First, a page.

Parents ‘crucial’ in caring for teens who question their gender, say GPs

Parents must be involved in the care of teenagers who question their own gender, GPs have said, as they called for more research on the effects of puberty-blocking drugs.

The Royal College of General Practitioners (RCGP) also said GPs must not be “pressured” into prescribing drugs “where they feel it is unsafe”.

An anonymous family doctor said the organisation should be praised for giving “institutional ballast” to cautious medics.

‘Wait and see’

In a new document, the RCGP calls for “independent research into the effects of various forms of interventions (including ‘wait and see’ policies) for gender dysphoria”.

It says the research is necessary to ensure “there is a robust evidence base which GPs and other healthcare professionals can rely upon when advising patients and their families”.

“Urgent investment in research on the impacts of treatments for children and young people is needed”, it adds.

The RCGP also calls for NHS systems to “record codes for biological sex as well as gender identity” to help ensure accuracy in medical tests.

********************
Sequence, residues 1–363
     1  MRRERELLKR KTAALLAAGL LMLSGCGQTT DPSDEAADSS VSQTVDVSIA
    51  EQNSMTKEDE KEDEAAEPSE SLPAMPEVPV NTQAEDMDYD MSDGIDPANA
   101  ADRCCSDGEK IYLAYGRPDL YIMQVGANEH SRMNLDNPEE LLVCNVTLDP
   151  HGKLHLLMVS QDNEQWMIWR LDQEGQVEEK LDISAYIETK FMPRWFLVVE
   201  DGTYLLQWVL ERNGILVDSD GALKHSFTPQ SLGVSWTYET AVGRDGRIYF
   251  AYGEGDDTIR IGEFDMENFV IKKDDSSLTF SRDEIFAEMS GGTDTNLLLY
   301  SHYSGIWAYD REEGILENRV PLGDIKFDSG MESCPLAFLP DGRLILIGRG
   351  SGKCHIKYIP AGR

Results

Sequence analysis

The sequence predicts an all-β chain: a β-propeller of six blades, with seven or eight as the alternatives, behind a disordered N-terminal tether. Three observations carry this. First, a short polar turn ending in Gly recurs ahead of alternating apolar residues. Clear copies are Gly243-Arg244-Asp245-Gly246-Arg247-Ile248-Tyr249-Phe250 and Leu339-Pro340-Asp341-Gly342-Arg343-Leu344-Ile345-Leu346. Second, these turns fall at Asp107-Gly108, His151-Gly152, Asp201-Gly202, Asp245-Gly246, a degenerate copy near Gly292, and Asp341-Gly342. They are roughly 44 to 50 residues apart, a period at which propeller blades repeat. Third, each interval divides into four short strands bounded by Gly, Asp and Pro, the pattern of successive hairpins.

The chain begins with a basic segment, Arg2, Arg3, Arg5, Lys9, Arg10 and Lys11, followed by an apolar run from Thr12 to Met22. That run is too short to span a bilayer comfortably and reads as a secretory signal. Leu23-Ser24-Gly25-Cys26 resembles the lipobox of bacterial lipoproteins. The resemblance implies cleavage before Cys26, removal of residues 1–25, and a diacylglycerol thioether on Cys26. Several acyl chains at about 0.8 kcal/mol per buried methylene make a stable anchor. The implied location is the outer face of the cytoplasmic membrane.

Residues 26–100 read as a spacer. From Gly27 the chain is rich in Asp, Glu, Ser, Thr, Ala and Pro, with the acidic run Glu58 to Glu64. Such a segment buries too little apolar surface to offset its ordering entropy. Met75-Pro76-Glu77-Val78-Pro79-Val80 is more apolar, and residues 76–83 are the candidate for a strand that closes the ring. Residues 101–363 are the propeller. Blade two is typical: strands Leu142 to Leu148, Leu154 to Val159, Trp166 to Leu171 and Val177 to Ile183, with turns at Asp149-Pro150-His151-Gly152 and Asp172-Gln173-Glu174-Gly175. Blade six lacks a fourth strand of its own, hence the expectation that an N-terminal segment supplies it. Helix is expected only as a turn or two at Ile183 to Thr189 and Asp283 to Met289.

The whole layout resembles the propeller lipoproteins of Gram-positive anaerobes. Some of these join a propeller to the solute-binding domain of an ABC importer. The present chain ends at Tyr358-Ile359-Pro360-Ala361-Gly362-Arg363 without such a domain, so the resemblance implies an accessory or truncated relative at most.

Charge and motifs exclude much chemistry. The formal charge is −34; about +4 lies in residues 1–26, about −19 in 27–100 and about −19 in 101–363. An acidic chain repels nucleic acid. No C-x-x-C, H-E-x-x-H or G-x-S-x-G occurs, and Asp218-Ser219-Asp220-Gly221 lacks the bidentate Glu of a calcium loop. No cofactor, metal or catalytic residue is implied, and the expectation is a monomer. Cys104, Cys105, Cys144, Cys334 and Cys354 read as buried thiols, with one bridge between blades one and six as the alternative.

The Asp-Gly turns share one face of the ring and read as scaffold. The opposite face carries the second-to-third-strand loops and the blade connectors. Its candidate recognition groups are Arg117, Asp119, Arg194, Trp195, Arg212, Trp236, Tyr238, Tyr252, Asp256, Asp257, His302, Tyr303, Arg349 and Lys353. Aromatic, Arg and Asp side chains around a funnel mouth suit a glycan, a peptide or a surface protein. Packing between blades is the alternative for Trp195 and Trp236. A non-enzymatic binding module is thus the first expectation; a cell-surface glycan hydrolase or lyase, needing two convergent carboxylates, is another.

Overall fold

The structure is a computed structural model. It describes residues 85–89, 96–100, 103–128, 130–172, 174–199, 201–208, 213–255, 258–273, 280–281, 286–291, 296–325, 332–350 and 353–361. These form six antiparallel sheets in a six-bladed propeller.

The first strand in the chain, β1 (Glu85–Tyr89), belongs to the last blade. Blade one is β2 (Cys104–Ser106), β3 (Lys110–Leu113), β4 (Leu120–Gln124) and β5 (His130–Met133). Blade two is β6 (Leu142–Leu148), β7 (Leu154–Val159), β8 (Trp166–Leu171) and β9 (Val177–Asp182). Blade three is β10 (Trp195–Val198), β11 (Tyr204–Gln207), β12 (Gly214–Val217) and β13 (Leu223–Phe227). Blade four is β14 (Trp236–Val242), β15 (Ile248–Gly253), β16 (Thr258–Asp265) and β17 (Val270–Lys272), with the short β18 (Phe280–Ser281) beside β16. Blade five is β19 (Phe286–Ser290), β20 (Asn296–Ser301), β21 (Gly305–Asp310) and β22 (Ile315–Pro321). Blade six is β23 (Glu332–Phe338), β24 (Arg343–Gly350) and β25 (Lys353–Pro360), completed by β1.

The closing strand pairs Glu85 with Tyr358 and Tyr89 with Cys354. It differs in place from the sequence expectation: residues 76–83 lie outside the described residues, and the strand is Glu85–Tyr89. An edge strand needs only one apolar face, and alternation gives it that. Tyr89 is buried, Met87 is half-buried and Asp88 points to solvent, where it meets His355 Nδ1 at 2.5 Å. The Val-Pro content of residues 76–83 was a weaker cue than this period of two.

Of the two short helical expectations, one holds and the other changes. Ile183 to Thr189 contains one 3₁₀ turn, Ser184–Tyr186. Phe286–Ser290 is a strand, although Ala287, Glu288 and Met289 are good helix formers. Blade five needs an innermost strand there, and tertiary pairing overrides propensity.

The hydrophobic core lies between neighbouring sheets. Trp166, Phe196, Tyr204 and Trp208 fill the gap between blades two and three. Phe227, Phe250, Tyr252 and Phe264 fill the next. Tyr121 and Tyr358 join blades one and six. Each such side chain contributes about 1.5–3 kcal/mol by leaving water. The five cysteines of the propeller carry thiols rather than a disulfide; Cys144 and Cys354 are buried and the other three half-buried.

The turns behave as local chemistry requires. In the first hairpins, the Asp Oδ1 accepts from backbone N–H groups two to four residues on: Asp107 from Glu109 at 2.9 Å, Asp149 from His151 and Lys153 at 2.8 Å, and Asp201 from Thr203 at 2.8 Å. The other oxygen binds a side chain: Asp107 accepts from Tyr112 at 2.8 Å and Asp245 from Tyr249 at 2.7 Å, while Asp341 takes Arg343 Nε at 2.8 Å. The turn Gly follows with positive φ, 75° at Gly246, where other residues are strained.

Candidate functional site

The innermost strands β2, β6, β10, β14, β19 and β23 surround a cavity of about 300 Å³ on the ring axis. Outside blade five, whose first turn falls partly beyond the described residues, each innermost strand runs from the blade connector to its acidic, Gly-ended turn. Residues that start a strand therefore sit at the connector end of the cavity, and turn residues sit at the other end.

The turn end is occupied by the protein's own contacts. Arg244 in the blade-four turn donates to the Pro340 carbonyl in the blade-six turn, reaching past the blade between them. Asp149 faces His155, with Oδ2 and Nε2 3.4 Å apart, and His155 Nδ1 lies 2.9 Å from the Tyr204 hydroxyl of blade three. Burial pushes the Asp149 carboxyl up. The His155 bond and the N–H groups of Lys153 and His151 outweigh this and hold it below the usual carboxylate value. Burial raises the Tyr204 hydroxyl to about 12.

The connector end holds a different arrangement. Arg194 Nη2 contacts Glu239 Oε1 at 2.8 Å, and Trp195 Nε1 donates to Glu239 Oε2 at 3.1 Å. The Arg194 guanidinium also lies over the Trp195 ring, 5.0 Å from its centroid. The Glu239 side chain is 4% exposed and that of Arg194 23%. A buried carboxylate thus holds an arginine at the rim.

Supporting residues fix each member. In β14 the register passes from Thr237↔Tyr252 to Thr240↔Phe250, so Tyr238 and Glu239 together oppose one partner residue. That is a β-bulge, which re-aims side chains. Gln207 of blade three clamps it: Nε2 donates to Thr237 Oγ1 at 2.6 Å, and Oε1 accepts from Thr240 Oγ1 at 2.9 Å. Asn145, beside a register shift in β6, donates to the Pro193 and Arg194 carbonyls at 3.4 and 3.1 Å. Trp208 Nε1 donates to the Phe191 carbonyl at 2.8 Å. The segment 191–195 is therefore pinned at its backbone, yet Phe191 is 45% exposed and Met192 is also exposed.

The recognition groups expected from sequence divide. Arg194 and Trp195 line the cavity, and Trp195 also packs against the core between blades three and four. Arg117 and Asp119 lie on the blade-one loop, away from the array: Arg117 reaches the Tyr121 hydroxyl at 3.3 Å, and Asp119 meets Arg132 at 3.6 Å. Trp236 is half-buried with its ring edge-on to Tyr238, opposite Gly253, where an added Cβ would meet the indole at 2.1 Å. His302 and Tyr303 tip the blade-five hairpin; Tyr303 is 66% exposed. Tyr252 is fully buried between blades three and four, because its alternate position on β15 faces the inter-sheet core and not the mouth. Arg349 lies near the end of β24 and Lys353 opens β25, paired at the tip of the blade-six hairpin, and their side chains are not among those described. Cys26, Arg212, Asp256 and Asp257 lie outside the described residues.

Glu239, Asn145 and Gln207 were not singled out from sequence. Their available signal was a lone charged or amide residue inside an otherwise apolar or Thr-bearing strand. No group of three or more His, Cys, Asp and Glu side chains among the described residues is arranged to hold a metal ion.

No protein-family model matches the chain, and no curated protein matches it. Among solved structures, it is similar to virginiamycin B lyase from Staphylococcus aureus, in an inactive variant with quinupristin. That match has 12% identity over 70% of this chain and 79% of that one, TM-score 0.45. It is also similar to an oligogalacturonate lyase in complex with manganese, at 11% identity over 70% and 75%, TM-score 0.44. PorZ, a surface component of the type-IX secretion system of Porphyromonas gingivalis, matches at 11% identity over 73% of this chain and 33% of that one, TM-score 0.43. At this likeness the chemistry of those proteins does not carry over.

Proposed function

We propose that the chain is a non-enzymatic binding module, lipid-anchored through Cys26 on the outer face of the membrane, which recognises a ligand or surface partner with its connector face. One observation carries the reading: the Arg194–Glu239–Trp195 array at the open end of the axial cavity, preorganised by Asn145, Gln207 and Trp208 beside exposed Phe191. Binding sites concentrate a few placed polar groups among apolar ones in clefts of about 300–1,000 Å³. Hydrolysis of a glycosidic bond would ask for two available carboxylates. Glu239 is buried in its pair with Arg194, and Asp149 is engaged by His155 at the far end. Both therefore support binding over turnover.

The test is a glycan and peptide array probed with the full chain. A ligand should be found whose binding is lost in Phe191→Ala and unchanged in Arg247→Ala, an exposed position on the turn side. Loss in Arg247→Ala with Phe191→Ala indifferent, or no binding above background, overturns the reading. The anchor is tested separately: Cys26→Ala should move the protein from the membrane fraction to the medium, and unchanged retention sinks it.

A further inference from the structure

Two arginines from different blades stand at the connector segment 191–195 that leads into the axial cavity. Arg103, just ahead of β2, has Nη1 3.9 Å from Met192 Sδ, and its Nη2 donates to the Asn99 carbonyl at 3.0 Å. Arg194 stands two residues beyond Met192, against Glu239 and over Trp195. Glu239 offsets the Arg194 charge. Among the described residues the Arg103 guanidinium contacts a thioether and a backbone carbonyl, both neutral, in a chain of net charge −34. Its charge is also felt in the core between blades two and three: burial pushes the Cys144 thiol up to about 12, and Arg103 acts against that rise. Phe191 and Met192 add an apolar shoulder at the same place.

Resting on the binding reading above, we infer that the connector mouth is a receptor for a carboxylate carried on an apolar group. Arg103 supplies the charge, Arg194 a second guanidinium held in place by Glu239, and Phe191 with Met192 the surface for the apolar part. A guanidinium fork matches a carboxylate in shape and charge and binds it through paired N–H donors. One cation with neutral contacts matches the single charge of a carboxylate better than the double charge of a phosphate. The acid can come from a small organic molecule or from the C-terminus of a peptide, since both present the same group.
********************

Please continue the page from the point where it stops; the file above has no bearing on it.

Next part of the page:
Little evidence

As part of its wider position statement, the organisation cautions against GPs being strong-armed into prescribing drugs.

It challenges General Medical Council guidance that permits family doctors to issue ‘bridging prescriptions’, saying the advice needs reviewing.

And for under 16-year-olds who are “experiencing gender dysphoria or are in the process of transitioning to another gender”, the RCGP said parental involvement is “crucial”.

It also noted the numerous challenges for GPs on the issue, including a “lack of a robust evidence base for interventions”.


An unnamed GP told the Daily Mail that family doctors want all patients to receive high-quality care, but “solid evidence” was needed on the best way to help.

“Youngsters can pressure us to provide puberty blockers when they have little idea of the long-term implications.

“But then most of their information appears to come from social media, which perpetuates the notion that these medicines are safe.”

“The RCGP has given medics who urge restraint institutional ballast. It should be applauded”, the doctor concluded.

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